Leitenberg questioned Mahley’s view of a diminished state threat. “For nearly 20 years, the majority of which has been under Republican administrations, U.S. government officials have been telling the international community that the BW threat was constantly increasing. The trends they described concerned primarily state programs. That probably was incorrect, and the trend was in fact flat.”

“The U.S. government rarely or never claimed that states that it named as being ‘noncompliant’ with the BWC had ‘biological weapon arsenals.’” Leitenberg added. “It did claim that they maintained offensive BW programs, and in some cases it referred to quantities of produced agents. The U.S. government has never retracted those claims, or presented evidence that the remaining state programs that it claimed to exist and be in violation of the BWC have been disbanded. If the U.S. government believes that to be the case it would be extremely important that it say so.”

Pearson similarly said that Mahley was too narrowly defining behavior by governments that would challenge the treaty. Mahley “seems to restrict it just to stockpiling,” he said.

There are increasing concerns about Russian biological weapons activities, Pearson said.

“I’m hearing from the people I speak with, and it’s multiple people, increasing concerns of what’s going on in Russia, increasing secrecy and Russian scientists saying increasing secrecy is a good thing,” he said. “I imagine, if I put on my Russian hat, they have some of the same concerns about us.”

He also cited concerns about North Korea and China. The U.S. Defense Department recently announced it would require mandatory vaccinations against anthrax for personnel deployed to the Korean Peninsula and other hot spots (see GSN, Oct. 17). The State Department on Sept. 14 said it suspects China was developing sophisticated biological and chemical weapons.

The State Department in annual reports in recent years has concluded that China, Iran, Iraq, Libya, North Korea, Russia, Syria and possibly Cuba potentially have offensive biological weapons programs, though it has acknowledged uncertainties about such activities and whether they actually violate the treaty. The United States has also concluded in recent years, as access was gained to Iraq and Libya, that those countries had previously abandoned significant biological weapons work.

Mahley and observers noted that several dozen countries have yet to sign or accede to the treaty, which entered into force in March 1975, and that many have not passed legislation to implement the pact internally. The United States and the Soviet Union approved the convention in 1972.

Pearson said the prospect remains for regional, state-to-state biological weapons use.

“I think [Mahley’s] looking at this with U.S. eyes. Our troops are fairly well defended with vaccines … and nobody would use these against us because they know the consequences. … He’s got his blinders on, what matters to the world is only what matters to the United States.”

Mahley seems to be underplaying treaty-problematic behavior such as development of ‘just-in-time’ capabilities for rapid biological weapons production, and unnecessary biodefense work that could give governments biological warfare capabilities, Pearson said.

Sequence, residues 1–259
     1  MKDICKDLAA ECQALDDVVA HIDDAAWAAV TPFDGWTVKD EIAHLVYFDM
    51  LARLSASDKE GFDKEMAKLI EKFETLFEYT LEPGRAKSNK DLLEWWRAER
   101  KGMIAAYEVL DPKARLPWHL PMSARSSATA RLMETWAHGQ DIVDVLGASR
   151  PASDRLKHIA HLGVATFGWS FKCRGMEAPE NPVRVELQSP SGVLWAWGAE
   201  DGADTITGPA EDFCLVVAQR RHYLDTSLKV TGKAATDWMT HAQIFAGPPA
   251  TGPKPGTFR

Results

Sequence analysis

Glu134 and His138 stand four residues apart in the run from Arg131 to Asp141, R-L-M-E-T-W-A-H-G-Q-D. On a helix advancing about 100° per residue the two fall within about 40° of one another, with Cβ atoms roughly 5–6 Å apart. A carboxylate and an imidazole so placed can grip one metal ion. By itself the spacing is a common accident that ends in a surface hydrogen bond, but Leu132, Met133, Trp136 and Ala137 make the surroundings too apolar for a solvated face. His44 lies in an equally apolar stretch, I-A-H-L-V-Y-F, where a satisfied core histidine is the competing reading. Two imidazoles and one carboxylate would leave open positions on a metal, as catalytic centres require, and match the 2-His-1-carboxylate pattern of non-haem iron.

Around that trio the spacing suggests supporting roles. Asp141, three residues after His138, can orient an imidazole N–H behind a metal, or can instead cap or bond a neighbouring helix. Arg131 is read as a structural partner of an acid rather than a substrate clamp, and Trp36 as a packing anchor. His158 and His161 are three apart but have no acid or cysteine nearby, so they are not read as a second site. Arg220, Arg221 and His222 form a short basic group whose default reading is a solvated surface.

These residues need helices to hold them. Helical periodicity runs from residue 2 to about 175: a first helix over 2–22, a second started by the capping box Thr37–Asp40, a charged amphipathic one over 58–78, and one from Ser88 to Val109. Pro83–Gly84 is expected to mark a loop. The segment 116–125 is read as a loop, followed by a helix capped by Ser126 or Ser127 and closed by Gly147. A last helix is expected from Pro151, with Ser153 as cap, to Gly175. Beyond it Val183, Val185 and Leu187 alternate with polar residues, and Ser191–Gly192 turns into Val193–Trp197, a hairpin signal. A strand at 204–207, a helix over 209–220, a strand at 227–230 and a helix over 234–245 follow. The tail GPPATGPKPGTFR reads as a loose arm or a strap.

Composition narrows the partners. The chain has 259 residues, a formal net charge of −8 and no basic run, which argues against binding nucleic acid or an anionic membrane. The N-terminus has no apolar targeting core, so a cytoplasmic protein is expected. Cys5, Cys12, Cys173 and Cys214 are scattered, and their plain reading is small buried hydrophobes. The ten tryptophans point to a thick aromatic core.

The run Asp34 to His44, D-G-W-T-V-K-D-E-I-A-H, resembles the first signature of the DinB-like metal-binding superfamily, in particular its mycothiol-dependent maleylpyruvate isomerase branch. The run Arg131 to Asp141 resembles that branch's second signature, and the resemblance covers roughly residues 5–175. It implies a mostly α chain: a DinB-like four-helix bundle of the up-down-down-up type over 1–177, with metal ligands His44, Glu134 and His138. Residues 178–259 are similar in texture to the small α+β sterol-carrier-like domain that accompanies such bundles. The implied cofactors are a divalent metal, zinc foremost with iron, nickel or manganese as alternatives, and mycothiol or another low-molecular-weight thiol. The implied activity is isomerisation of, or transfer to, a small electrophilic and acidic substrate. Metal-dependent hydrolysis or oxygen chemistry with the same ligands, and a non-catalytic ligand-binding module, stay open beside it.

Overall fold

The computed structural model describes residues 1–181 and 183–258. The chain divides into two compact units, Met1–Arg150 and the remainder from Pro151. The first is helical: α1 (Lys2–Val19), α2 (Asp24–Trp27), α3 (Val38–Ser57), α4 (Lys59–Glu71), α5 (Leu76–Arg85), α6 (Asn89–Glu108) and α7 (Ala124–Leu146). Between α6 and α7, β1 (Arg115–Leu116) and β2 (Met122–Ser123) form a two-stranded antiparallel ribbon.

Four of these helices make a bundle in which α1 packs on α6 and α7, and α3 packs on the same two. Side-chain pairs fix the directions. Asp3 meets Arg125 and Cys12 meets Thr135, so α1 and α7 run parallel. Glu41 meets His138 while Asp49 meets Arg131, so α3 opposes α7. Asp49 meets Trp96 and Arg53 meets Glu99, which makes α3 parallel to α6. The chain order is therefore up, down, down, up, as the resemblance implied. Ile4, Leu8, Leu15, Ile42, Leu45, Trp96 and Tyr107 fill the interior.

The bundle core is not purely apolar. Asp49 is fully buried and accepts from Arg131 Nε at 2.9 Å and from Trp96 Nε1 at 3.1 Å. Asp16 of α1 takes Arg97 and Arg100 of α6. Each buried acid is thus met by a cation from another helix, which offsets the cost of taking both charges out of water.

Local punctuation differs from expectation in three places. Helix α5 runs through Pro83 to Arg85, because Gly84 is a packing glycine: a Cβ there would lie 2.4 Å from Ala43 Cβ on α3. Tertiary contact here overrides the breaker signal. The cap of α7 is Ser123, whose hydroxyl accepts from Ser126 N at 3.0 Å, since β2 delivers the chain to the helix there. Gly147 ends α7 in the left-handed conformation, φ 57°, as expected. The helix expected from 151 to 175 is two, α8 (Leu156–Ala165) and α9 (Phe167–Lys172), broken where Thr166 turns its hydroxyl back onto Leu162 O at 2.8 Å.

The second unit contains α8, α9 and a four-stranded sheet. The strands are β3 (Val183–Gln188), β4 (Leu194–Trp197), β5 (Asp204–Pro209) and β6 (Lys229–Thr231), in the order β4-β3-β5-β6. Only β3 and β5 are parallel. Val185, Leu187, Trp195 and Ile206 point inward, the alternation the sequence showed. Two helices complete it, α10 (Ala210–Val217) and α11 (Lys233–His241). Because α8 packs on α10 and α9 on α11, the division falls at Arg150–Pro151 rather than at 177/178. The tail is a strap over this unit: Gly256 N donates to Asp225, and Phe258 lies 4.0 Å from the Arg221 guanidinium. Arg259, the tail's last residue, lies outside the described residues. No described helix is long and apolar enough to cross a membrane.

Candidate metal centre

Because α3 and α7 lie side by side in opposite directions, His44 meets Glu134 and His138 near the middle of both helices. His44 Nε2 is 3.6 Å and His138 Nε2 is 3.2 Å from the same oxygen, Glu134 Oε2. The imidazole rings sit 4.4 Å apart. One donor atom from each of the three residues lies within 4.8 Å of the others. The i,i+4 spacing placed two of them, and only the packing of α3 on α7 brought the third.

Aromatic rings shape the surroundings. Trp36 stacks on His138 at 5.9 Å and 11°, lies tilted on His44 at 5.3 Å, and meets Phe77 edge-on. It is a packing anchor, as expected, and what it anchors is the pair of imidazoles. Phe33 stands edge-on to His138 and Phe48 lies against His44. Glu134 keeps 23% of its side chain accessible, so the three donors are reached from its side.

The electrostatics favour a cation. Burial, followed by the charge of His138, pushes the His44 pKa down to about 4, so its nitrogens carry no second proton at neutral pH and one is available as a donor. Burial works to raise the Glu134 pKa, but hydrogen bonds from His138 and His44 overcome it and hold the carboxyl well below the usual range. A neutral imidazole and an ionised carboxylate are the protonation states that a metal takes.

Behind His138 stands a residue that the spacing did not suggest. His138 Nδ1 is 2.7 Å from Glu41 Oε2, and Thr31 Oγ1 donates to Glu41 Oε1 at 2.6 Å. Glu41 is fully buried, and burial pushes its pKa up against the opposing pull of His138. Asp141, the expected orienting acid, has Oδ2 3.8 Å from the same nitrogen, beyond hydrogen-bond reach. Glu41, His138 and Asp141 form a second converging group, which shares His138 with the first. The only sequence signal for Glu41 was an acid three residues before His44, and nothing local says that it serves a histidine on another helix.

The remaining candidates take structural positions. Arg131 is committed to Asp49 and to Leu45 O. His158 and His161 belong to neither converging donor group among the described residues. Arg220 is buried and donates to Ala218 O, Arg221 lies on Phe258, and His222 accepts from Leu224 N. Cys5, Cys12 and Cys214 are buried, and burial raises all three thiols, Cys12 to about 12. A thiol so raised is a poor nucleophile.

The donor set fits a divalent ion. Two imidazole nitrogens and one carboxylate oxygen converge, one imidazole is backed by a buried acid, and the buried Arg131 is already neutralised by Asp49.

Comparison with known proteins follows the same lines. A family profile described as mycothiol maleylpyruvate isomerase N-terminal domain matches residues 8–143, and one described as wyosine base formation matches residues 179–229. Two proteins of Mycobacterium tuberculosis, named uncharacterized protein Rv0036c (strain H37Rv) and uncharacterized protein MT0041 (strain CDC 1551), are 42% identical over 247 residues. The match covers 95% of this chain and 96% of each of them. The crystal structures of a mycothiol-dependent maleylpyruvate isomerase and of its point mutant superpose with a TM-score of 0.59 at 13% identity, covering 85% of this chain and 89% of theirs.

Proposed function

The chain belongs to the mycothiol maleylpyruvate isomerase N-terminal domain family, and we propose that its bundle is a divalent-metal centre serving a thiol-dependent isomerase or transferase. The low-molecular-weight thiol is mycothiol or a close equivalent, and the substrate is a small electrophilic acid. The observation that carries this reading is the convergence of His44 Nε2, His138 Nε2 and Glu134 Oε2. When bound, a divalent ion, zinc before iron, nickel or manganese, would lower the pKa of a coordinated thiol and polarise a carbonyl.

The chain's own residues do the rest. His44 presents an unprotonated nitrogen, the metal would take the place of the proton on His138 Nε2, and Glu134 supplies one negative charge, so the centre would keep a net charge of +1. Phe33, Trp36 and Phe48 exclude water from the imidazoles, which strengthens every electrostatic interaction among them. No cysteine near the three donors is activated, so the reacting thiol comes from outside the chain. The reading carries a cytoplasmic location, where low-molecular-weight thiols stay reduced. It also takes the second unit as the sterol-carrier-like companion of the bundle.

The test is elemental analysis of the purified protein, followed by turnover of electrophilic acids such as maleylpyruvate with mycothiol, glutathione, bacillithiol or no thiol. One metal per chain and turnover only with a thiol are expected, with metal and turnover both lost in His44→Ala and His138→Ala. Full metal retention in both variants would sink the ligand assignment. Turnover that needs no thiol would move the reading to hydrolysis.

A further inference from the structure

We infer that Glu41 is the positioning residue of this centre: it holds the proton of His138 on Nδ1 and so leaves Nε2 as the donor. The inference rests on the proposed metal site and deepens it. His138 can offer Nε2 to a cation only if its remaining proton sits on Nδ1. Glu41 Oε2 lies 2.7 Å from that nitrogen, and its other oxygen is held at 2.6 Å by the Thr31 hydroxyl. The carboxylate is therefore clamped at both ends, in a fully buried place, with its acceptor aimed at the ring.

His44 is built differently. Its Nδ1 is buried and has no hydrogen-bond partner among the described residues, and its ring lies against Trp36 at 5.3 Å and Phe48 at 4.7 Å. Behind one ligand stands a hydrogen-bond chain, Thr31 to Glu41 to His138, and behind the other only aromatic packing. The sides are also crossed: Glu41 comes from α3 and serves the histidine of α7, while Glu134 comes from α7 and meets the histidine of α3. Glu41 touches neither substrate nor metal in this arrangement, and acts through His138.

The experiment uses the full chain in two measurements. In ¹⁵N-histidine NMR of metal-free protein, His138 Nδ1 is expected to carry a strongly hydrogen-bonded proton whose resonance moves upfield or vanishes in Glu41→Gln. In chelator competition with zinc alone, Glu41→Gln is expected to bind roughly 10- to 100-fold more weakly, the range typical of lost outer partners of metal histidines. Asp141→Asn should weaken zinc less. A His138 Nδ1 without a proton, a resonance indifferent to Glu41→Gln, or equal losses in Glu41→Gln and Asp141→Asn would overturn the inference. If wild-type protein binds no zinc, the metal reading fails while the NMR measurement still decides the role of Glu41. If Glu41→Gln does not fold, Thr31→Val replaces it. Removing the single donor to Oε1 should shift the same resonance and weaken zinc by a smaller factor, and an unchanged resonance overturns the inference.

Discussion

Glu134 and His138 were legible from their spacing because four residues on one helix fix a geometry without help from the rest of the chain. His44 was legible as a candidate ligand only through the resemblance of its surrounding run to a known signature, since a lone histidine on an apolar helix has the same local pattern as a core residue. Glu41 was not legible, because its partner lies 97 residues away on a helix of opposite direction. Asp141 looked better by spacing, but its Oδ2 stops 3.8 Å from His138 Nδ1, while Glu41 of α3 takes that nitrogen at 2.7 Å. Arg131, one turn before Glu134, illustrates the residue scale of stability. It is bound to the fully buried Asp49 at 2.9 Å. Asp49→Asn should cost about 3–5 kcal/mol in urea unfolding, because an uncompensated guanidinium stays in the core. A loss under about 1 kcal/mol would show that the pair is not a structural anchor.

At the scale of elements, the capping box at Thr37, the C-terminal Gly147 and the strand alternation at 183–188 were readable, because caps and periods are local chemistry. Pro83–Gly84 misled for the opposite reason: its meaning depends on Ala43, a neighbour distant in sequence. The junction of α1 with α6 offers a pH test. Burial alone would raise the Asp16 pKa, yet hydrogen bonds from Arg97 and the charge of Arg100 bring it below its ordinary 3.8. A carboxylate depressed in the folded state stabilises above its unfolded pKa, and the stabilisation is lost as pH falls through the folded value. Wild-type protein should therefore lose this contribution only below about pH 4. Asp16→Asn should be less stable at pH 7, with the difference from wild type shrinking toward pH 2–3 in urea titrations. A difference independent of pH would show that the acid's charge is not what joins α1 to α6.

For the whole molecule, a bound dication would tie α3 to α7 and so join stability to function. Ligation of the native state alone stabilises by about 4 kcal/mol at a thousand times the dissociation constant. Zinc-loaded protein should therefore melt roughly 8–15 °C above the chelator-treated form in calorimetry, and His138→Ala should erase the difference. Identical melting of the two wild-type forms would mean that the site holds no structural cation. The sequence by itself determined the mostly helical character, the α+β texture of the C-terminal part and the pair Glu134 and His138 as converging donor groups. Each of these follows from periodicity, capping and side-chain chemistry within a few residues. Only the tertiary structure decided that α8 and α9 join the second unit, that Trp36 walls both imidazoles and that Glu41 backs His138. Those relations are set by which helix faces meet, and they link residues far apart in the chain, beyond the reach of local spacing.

A proposal for the review conference that might help, he said, would be to strengthen confidence-building measure submissions, which could “create an environment in which there is an expectation of transparency, so that the very issue of being not transparent raises concerns.” Official U.S. analyses have assessed annually that CBM submissions by states such as China have been inaccurate and misleading.

Some critics say the United States needs a more balanced strategy for biological security that addresses state programs, as well as threats from naturally occurring infectious diseases and nonstate actors. Some governments maintain that a treaty inspections protocol allowing for investigations of suspected state activities would have been a useful component of a comprehensive strategy. Years of negotiations to produce such an entity ended in failure in 2001 in the face of opposition from the Bush administration.

The administration argued that inspections were not likely to uncover illicit activities, which it said could be easily concealed, but that they could give potential adversaries compromising details about U.S. biological defense programs, as well as proprietary commercial activities.

Mahley maintained that inspections would uncover little useful information and said that the Bush administration remains opposed to the idea.
U.S. Focus

Mahley stressed he was expressing personal views and not official U.S. policy when discussing a diminished state biological weapons threat. Still he indicated the Bush administration shares the view that nonstate biological weapons threats, rather state programs, currently demand action by countries, and that the Biological Weapons Convention offers a useful forum for promoting such action.

“So what we have said is … ‘Wait a minute folks, let’s look beyond Article 1 of the convention. … Let’s look at Article 4, in which [you] have promised that you will not allow a biological weapons capability to get to anybody else,’” he said.

Mahley said the administration would like to see three things come out of the review conference: recognition of the value of previous and future intercessional meetings to encourage and follow up on national implementation efforts; a refocusing on measures for addressing the biological weapons threat the administration perceives; and an end to idea held by some countries that the convention is in trouble.
Web IntelligenceSummit.org
Webmasters: Intelligence, Homeland Security & Counter-Terrorism WebRing
Copyright © IHEC 2008. All rights reserved.       E-mail info@IntelligenceSummit.org